What are some artists you listen to nowadays?

I listen to Elzhi. I like the new record they put out. Always a Big and Little Brother fan. I listen to Jean Grae. A new group out of LA, called Malcolm and Martin. They are really dope. When I am working on a new record, I don’t listen to as much of other people’s stuff as I do when I am done. I never want to get influenced by their music and what I am writing. So I would say for the last six, seven months, I haven’t been listening to a lot of stuff, but when I am listening to stuff, it is that kind of stuff.

How was it working with The Bundies on their upcoming album?

It was actually stress free because they are a self-contained production unit. They do all the music. They do all the writing. For a change, I didn’t have to be involved in the creative part. I could focus more on the artist development, on the visual and kind of being a stylist in a sense. I am making sure they look right and present themselves the right way. I would make certain suggestions about songs. Certain places where I think melodies might be better or harmonies might be better. They always listen to that stuff, but for the most part, they found their sound on their own. They created this music on their own. I am just proud and excited to be apart of it. I feel like it is the next generation of good music.

Are you excited to present The Bundies tonight and open up Conflict of Interest?

I am. I am super nervous.

You still get nervous?

Well, if it was my thing I don’t think I would this nervous. I am nervous because it is them and it is the first time people are kind of seeing them. People don’t know what to expect and they don’t know what to expect. It is all kind of brand new for them. For many years, Jamelle Bundy was a writer and a back up singer for other people. So, she has always been in the background and now, for the first time, she is kind of like the featured person. It is a little nerve-wracking for her, but she is looking forward to it and I think she is excited about it. I can’t wait to unveil their music and let people check it out.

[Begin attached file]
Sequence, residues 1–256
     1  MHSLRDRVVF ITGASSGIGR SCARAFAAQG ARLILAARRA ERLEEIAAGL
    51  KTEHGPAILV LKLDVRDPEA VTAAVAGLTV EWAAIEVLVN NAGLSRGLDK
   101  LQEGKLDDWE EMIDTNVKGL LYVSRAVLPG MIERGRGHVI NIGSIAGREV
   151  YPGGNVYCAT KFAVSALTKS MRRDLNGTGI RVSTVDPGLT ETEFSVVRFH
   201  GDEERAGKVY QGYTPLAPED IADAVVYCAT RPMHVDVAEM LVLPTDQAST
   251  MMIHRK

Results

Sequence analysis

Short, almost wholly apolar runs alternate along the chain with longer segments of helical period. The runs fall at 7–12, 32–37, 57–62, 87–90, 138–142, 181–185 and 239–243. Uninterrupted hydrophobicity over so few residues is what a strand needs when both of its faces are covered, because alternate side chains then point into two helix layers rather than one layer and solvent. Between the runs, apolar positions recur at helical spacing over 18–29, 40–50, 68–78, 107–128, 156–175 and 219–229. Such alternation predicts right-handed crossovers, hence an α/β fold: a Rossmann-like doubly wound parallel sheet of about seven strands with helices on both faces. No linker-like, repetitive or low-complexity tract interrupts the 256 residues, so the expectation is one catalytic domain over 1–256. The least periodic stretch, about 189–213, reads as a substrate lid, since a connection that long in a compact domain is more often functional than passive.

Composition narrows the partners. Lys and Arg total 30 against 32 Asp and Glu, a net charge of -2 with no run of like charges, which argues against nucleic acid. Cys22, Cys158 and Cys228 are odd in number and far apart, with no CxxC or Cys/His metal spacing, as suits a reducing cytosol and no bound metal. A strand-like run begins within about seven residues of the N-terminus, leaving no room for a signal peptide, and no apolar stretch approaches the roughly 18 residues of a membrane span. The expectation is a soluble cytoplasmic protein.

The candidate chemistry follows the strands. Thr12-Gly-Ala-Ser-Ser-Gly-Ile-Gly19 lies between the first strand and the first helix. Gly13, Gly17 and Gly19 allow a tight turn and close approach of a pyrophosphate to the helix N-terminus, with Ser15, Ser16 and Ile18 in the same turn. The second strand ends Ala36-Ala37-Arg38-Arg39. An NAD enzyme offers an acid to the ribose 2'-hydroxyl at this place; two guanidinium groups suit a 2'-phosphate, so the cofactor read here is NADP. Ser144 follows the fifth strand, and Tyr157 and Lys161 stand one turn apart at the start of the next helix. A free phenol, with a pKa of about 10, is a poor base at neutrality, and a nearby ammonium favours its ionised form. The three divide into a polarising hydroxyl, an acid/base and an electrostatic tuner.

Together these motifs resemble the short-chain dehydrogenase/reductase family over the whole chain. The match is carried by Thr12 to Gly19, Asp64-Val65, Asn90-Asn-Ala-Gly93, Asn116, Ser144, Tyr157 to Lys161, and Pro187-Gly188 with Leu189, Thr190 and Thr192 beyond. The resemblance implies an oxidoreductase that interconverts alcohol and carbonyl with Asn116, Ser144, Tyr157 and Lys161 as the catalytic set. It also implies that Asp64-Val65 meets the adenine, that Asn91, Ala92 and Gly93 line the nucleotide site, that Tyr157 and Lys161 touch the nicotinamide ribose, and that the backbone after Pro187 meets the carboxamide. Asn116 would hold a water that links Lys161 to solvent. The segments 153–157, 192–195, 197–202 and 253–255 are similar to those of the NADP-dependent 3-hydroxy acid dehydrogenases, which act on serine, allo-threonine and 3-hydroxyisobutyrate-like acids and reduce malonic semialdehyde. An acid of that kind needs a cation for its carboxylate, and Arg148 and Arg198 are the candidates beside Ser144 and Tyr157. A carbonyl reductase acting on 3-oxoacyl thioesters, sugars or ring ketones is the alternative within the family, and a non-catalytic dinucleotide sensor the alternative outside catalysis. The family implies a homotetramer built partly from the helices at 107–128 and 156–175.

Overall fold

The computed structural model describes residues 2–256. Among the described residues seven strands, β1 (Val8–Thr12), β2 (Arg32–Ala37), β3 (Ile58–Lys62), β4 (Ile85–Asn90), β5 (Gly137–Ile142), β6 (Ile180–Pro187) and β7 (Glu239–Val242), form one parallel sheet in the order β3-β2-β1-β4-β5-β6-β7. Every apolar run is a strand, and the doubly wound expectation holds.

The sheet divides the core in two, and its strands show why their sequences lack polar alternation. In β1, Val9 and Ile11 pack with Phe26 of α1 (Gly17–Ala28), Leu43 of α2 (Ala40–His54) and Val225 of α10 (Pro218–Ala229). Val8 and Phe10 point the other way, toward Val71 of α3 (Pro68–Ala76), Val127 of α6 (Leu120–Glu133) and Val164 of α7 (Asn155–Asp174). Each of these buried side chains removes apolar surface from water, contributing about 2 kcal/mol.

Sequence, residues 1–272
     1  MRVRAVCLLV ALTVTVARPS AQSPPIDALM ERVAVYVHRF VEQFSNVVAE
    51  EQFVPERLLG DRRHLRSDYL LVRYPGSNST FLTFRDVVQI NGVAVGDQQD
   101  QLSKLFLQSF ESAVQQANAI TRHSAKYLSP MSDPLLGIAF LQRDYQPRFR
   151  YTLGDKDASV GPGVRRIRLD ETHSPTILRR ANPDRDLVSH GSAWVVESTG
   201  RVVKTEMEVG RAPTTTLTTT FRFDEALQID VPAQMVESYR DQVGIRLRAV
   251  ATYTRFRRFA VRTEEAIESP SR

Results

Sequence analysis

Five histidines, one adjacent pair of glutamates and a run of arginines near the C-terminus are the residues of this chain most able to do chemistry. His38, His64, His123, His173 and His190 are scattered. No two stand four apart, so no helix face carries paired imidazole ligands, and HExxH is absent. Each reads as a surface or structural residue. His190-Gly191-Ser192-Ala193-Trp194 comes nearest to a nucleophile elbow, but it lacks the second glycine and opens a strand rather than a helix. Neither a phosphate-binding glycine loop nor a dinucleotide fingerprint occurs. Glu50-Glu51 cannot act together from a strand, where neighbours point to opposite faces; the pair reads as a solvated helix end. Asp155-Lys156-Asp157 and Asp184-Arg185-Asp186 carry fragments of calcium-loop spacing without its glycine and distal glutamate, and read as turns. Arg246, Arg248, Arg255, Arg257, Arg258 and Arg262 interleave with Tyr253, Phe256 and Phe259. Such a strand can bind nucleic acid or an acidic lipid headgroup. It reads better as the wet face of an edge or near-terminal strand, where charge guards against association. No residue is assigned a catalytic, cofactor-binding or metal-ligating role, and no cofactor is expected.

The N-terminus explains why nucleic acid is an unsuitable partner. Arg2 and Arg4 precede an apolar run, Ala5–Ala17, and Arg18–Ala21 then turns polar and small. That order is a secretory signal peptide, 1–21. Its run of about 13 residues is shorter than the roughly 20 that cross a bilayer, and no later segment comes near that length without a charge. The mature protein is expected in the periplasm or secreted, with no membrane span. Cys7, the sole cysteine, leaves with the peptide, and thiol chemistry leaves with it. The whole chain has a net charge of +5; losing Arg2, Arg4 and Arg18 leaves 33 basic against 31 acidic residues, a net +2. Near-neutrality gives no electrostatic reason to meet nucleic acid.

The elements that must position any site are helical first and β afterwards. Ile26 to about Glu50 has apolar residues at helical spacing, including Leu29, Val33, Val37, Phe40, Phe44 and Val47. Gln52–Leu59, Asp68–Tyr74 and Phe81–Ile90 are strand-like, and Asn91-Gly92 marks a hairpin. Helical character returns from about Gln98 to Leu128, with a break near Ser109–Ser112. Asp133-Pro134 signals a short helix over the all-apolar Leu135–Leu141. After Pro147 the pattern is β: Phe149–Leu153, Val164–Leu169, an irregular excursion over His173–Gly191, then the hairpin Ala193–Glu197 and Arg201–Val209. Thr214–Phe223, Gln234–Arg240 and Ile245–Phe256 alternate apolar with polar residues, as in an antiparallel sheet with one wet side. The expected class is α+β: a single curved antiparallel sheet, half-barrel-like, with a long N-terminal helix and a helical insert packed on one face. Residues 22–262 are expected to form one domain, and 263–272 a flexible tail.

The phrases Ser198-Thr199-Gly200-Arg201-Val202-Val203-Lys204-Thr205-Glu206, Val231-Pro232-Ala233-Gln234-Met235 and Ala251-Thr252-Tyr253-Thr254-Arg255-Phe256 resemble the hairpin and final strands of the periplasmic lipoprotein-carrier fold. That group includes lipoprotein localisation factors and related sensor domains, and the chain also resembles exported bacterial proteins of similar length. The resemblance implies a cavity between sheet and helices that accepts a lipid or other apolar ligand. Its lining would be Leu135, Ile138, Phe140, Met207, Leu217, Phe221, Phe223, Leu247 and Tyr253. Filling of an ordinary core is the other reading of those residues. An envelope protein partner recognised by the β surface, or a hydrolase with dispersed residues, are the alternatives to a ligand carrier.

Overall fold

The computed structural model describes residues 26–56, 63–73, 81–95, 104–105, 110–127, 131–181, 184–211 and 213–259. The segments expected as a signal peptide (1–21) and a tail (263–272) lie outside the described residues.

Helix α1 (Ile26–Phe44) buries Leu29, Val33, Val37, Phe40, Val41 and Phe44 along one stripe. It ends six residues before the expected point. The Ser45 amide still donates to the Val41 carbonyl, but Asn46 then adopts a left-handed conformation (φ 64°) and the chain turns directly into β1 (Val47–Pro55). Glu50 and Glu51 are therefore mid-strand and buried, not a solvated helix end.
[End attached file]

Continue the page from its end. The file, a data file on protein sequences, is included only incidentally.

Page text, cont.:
Do The Bundies influence your music?

They don’t really influence my music because their sound is way to the left. I am pretty much pure, kind of boom bap hip-hop, right down in the middle. I don’t veer too much off that course. They don’t mind being different and weird. They don’t mind kind of touching on indie rock sounds. They are definitely not pure hip-hop. Some of their stuff is really far to the left and that’s what excites me with the potential that it can be.

What’s it like now looking back to when you first started out to now with having your own label, M3?

I feel like it’s the right order of things. I have been in this music industry over 20 years and at a certain point, you want to have your hand in other parts of the business, not just being an artist, not just performing and not just making music, but trying to guide the careers of new and up and coming cats. I can look at the industry through their eyes. It’s like, they are seeing it for the first time. Even though the industry is very different from what it was when I was coming up, I can still kind of guide them through the pitfalls of things and the mistakes I made when I was a young artist. They won’t have to make those same mistakes. If they are smart, they will listen to the old guy and take my advice.

Did you ever think you would want to have your own label when you first started?

That was definitely not even a thought of a possibility. When we were coming up, it was just about getting your record on the radio, doing a couple of shows, getting the girls and being the cool guy on the block. That was pretty much it. We didn’t really have that vision of a bigger picture. Like, wow maybe I should get my own label and get artists signed to my label. That stuff didn’t come till much later in hip-hop, like in the late 90s.

How do you think the music industry has changed throughout your career?

Well, it got to the point where it was making much, much more money than it was making when I came out. But now to see labels doing 360 deals with artists, where labels want a part of everything that the artists generates, is super different from when I was coming up. If you told an artist in 1991 that the label gets a portion of your performance, they would go crazy. That’s just unheard of back then, but that is just the new now industry. I think the digital thing is very different. When I came up, it was about the physical copies. It was about holding a CD, holding a piece of vinyl, being able to look at it, flip through the pages and read the booklet. It’s really a digital age now. We have to adjust.

You getting used to all the Twitter and Facebook crazes?

Twitter is cool because I don’t really feel like I am promoting myself. Even though there are all these people following me, I am just type train of though stuff or tell you what I am doing right now. People like it and that’s cool. I don’t feel like I am selling myself or pimping myself. I don’t use Twitter to say, go buy my record. I make people aware that it is coming out. I really don’t try to make it commercial.

Will you be playing new tracks off your album tonight at Conflict of Interest?

Ya, I am. DJ Aaron Lakrate, he should be pulling up here any minute. I’ve given him about four or five of the songs off of that album to just kind of mix in. I really don’t want to take the focus off The Bundies because it is kind of their night.

by Lonnie Nemiroff

Masta Ace